South Africa Jewish Groups Lash Out at 'Racist' Mugabe

South African Jewish groups branded Zimbabwean President Robert Mugabe a racist Monday after he accused them of trying to wrest control of Zimbabwe's industries.

"Jews in South Africa, working in cahoots with their colleagues here, want our textile and clothing factories... to close down," Mugabe said in comments reported in Zimbabwe on the state-owned Herald newspaper's Web site.

Mugabe was reported to have said during a visit Friday to a textile factory in the southern city of Bulawayo that South African Jews saw Zimbabwe simply as a "warehouse" that could create business for their companies.

Jewish groups called the remarks racist and anti-Semitic, saying that Jewish business operators in Zimbabwe were doing their best to survive in increasingly difficult circumstances.

"It's just way out of line. Why single out such a small group?" said African Jewish Congress President Mervyn Smith. "This is a blatant example of racism and anti-Semitism, not to mention sheer malevolent conspiracy theorising," he said.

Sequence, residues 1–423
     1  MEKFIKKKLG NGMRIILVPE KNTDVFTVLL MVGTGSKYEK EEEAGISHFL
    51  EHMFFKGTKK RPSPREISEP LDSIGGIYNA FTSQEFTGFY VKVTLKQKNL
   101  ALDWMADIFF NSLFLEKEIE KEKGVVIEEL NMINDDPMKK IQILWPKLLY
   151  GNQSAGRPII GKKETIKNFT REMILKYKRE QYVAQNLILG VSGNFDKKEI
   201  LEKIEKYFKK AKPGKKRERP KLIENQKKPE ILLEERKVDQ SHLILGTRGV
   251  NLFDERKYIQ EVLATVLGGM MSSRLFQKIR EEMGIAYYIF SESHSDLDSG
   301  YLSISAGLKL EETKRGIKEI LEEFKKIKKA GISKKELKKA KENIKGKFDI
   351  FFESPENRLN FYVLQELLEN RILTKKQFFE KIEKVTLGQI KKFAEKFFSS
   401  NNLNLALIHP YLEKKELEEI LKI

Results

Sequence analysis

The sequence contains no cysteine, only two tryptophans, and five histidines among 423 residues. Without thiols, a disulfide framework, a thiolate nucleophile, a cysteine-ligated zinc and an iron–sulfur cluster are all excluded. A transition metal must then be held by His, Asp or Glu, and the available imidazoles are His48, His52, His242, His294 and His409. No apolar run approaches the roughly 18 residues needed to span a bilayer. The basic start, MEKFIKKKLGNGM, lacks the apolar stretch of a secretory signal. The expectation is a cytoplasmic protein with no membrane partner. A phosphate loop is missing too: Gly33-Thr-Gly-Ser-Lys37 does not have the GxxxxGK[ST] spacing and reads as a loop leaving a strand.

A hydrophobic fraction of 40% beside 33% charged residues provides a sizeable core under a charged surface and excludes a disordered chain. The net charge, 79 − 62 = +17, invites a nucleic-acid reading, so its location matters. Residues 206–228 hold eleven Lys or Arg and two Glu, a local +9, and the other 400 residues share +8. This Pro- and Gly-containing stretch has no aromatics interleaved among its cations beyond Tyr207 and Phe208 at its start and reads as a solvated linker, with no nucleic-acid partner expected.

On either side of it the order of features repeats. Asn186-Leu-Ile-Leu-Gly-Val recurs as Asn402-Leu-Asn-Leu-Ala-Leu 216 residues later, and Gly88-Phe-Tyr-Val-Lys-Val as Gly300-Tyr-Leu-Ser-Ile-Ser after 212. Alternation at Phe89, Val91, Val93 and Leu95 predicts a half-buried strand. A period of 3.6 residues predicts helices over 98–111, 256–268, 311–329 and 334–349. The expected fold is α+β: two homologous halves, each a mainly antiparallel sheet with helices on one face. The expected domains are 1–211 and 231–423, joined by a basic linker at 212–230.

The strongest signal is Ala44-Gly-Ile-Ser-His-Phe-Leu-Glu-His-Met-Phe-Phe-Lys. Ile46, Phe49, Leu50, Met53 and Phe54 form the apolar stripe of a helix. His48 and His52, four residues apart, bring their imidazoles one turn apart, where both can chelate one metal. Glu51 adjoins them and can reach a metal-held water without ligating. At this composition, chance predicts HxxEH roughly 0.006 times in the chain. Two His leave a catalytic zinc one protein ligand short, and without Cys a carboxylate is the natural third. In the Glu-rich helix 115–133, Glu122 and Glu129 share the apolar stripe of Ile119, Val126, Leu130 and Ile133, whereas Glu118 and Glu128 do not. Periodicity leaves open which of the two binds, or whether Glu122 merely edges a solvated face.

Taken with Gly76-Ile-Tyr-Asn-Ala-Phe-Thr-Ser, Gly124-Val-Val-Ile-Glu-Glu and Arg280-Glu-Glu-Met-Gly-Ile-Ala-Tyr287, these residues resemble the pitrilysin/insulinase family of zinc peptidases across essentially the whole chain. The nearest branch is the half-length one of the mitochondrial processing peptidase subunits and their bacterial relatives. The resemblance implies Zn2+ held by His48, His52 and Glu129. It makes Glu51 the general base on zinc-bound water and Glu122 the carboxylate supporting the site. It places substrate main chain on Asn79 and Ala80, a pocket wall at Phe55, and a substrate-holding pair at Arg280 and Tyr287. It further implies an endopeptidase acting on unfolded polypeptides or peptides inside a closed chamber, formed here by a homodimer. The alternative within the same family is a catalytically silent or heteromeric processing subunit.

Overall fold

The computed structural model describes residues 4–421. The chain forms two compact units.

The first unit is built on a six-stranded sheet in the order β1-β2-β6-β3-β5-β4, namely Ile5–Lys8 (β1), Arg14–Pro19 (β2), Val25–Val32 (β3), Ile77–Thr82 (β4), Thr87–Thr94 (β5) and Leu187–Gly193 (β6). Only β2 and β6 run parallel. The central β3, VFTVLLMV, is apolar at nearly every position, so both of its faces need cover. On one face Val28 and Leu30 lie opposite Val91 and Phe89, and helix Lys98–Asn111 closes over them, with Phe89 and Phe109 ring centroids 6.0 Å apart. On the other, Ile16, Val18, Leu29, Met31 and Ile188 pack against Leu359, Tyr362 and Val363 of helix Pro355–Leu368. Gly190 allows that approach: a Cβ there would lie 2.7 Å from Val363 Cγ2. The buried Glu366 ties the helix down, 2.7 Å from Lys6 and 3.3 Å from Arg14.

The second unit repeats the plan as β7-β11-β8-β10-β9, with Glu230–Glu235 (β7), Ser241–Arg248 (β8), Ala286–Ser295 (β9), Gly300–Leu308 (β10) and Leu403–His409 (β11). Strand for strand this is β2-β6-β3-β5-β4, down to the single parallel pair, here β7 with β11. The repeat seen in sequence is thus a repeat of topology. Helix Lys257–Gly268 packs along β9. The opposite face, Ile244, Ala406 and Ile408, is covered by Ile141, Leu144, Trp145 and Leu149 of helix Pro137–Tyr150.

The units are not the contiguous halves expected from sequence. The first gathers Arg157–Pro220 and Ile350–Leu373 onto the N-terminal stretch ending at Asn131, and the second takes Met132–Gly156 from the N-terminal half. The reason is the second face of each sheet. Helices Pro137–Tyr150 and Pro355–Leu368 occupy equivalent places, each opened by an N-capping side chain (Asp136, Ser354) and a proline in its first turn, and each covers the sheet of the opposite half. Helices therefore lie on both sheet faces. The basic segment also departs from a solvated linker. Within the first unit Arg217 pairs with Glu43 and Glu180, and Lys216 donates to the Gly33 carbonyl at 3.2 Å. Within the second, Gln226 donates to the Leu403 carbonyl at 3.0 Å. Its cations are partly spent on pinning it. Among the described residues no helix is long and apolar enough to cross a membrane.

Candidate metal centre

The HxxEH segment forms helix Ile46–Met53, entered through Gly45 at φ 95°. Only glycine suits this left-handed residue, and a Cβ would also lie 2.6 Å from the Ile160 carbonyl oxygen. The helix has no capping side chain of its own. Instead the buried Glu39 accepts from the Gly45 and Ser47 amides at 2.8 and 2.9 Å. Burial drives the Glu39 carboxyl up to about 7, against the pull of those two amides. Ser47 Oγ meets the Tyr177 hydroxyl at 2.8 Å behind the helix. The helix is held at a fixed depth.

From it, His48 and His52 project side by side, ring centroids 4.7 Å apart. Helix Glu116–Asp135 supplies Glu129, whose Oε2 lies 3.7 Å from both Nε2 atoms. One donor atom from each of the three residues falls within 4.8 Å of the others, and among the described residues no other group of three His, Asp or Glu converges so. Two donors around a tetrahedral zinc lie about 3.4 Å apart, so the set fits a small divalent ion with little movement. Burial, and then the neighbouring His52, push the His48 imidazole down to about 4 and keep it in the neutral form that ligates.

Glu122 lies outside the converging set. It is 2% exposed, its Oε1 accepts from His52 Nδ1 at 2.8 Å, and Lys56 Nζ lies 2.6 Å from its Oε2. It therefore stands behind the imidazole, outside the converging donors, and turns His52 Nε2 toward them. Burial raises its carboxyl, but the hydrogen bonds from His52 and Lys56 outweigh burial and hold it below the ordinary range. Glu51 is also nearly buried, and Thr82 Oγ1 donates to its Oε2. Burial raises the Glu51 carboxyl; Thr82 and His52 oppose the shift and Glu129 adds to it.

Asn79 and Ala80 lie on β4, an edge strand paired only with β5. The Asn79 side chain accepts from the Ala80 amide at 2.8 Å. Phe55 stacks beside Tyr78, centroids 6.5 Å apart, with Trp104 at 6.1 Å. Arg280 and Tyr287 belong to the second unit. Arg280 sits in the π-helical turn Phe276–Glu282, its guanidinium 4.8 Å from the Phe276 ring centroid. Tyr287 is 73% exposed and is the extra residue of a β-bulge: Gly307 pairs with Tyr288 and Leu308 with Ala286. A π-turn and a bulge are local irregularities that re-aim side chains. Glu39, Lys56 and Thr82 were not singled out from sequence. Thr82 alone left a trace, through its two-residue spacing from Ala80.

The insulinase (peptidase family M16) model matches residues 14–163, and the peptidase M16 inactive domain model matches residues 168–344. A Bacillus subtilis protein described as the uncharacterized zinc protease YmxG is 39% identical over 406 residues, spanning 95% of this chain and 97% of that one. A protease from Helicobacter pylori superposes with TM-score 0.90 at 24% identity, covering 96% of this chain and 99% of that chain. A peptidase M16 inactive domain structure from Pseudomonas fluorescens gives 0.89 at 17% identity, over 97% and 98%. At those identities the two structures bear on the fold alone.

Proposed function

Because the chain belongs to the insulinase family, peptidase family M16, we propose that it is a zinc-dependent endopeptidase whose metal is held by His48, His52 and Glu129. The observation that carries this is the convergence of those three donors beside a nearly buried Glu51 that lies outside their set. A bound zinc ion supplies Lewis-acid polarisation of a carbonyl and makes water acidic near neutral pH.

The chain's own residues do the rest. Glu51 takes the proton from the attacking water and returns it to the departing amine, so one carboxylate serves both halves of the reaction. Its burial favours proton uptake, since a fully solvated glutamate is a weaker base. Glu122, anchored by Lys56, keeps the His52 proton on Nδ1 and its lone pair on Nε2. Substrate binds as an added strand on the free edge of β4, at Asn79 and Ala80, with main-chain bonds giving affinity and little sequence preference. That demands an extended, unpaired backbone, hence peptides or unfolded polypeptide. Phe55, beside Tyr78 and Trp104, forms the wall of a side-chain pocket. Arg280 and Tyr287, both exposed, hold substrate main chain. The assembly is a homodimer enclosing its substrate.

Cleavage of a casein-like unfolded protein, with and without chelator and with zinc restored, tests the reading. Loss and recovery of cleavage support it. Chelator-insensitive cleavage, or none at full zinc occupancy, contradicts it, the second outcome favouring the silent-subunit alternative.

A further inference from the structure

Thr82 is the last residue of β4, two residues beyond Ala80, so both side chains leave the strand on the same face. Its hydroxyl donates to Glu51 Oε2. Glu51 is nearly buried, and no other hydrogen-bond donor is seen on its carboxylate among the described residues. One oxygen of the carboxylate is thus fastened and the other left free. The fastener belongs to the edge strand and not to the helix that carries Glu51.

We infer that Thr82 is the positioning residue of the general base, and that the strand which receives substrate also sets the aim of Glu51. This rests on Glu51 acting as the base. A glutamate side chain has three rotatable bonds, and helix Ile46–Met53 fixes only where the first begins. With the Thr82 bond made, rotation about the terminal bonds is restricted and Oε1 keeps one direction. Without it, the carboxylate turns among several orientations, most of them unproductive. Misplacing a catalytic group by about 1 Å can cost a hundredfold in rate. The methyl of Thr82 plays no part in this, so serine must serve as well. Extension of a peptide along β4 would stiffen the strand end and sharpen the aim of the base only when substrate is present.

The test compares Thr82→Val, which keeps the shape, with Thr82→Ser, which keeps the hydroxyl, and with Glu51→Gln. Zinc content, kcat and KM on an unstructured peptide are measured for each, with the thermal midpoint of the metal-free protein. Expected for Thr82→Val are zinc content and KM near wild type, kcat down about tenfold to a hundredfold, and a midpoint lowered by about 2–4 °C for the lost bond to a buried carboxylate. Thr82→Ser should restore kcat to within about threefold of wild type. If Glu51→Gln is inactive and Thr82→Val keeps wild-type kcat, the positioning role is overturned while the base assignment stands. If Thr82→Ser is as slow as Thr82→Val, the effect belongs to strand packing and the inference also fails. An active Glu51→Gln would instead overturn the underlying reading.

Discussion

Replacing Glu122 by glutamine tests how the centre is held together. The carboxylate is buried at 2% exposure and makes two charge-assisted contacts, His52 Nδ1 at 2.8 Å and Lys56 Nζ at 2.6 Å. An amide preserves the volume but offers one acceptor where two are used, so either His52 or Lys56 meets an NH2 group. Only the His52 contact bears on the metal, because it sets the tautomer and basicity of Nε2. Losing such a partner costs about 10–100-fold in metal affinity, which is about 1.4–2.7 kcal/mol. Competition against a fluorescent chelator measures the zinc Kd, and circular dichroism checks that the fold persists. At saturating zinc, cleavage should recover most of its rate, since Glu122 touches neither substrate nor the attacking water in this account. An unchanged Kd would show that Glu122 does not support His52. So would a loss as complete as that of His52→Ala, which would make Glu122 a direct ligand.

Smith said there were around 100,000 Jews in South Africa and probably no more than 1,000 in Zimbabwe. The vast majority of these were white, Smith said.

The national chairman of the South African Jewish Board of Deputies, Russell Gaddin, said Jewish businesses in Zimbabwe were battling to keep their businesses afloat despite a growing political and economic crisis.

"I think Mugabe is a man who knows he's got his back against the wall and that by using whites, or Jews as synonyms of whites, he thinks he'll garner more support," Gaddin said. "But I'm not sure who in the world takes President Mugabe seriously any more."

Zimbabwe is struggling through its third consecutive year of recession, with unemployment at more than 50 percent and inflation running above 70 percent.

Officials say nearly 700 companies have shut down in the last 18 months as industries struggle with chronic shortages of fuel and foreign exchange.

Zimbabwe's economic ills have worsened since pro-government militants began invading commercial farms in February 2000 in support of Mugabe's programme to redistribute white-owned farmland to poor blacks.